Sunday, September 28, 2008

Probable cause

It's been a few days since I've posted. . . . Hope you junkies aren't yelling, "I'll be danned, where is he?" Ha ha. Neal Adams' ideas on our expanding planet have given me pause (to follow the debate, go to the blog). His premise is that Earth has expanded, forcing the original land mass apart and forming continents and crustal plates. Apparently gravity has also increased. My question is: where did the additional mass come from? Adams invokes "pair production", which, if I understand it at all, involves photons hitting nuclei and producing electron-positron pairs, which annihilate to release energy. Conservation applies. I don't buy it. God creates; man converts.

What I want to discuss is the cause of the Deluge event. This event and its aftermath is the most important thing that has ever happened to us and our planet. The ultimate cause, of course, is God. His dismay at the depravity of man and the fallen angels led Him to initiate our destruction. His love for us gave Noah and his family a chance to try again. The question is: was the mechanism of the cataclysm internal or external? That is, did God activate something on or in the Earth or did the impetus for destruction come from outside? Traditional creationist models, some of them quite ingenious, center on an internal cause. I cannot accept these. Overhead oceans collapsing onto the surface ("vapor canopy") and other absurdities would seem to invoke such special circumstances that we might as well quit and just say, "God did it." Allan and Delair and many others agree that an external cause makes much more sense. As I said in a previous post, why would God create a damaged, chaotic Solar System and call it good? I believe God made Planet Five--Phaeton--explode, thus bombarding many of the planets, specifically Earth. The remnants of Phaeton are the Asteroid Belt; the rest hit the other planets or escaped into space. A fifty-mile-diameter chunk of Phaeton hitting the ocean with sufficient force could penetrate the crust and raise tsunamis up to 10,000 feet high. A number of bolides this big or bigger would break the crust and swanp the continents, at the least. Allan, Delair, and others think that a supernova explosion relatively close to the Solar System blew super-dense chunks through our system and adversely affected the Earth and other planets. Tom Van Flandern's exploding planet hypothesis (EPH) makes more sense to me. Occam's Razor applies, I think. God does as He pleases, but He doesn't seem to complicate things unnecessarily.--Dan Moore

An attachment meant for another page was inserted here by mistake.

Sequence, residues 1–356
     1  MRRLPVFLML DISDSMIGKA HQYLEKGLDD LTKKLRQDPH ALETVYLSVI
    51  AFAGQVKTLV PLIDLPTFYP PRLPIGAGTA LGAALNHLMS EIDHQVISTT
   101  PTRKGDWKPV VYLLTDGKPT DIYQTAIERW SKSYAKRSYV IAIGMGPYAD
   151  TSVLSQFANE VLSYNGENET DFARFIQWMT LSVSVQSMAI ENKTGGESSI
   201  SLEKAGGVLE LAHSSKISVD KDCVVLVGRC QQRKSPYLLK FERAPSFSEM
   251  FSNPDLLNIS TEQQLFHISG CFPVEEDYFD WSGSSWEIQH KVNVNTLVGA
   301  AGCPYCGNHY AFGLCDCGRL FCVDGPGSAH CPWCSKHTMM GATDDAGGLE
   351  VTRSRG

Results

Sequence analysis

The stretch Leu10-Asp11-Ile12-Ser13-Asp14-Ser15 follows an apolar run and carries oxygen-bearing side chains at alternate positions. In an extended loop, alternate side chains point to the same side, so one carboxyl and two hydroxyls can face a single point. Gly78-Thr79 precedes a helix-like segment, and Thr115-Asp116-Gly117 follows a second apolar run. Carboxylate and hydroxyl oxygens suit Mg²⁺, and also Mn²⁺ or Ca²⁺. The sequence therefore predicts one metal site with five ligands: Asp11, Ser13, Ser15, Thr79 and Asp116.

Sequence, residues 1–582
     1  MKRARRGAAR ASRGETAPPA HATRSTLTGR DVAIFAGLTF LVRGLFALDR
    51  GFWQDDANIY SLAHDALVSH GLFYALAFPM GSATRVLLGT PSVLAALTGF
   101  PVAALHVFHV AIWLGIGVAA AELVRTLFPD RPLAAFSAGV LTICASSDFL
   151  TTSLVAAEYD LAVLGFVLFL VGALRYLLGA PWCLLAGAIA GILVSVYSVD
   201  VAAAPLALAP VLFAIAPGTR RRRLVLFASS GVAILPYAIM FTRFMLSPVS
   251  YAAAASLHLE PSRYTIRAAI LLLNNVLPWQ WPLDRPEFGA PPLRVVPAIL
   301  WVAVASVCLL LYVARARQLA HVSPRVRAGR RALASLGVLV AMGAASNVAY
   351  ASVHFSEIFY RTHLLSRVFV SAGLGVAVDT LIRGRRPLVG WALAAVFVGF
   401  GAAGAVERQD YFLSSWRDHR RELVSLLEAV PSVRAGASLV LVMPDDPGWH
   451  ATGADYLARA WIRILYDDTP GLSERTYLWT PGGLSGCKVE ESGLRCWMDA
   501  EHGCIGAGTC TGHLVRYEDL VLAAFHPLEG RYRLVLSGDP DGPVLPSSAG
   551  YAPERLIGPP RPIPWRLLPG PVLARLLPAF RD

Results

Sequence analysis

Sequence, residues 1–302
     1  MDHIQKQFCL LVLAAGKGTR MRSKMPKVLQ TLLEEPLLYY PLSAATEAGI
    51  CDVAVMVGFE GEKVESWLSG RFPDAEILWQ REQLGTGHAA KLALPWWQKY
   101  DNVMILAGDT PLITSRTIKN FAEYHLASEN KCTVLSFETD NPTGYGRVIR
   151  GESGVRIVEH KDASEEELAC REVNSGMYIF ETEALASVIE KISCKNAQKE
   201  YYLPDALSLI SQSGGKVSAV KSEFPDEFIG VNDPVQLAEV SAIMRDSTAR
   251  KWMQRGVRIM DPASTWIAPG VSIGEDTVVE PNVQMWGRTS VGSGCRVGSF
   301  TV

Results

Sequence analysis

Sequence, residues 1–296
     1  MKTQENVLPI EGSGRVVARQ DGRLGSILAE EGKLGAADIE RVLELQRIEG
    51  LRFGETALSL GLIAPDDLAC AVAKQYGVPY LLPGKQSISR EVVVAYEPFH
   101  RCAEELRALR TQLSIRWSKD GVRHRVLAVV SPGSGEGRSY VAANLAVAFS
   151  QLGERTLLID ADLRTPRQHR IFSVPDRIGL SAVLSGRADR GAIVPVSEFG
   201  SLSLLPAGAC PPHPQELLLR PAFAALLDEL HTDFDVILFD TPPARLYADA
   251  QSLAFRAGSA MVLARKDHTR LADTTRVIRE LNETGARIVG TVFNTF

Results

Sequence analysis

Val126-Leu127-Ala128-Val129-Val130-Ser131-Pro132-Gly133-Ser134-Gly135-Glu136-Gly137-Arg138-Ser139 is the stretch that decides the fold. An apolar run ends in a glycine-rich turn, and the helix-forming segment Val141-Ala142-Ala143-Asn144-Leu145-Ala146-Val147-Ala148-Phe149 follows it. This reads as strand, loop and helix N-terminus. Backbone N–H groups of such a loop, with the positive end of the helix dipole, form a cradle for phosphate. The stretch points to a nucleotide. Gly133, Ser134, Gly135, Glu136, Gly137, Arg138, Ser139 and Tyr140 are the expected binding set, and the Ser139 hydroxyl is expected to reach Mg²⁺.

1 comment:

Thomas said...

I looked on but did not see that pair production expanding planet business. You should link it directly.
I don't see the difference between a God that creates a universe that works in exactly the way God wants and a God that intervenes in it in miraculous ways.
Basically, if God can do anything, then God can create a 'rigged' system, so to speak. He or She or It would have built any sort of catastrophic events in at the beginning. If Phaeton blew up, regardless of the reason, fine, but for an all-knowing and eternal God it does not make sense to say that miraculous intervention caused it. Everything is miraculous intervention.

This line of thinking makes a difference if you look at it this way: since everything is miraculous, we can regard the self-consistency apparent in the laws that govern the universe as being something that God maintains always. It does not matter what you regard as imperfect; it is beyond the ken of humanity to see why things are the way they are. I do know, the laws that govern the universe seem to be inviolable. Any systematic approach to making sense of it all reveals tremendous patterns free of any inconsistencies. The further we look, the harder they become to understand (which makes sense, because all of the simplest things have already been explained), but they always work out.
So nobody is any judge of what is perfect. I suppose if we are made in God's image, then we have a natural sense of the way things ought to be, but that is subjective. I am just fine with the way the solar system is. It doesn't seem chaotic to me.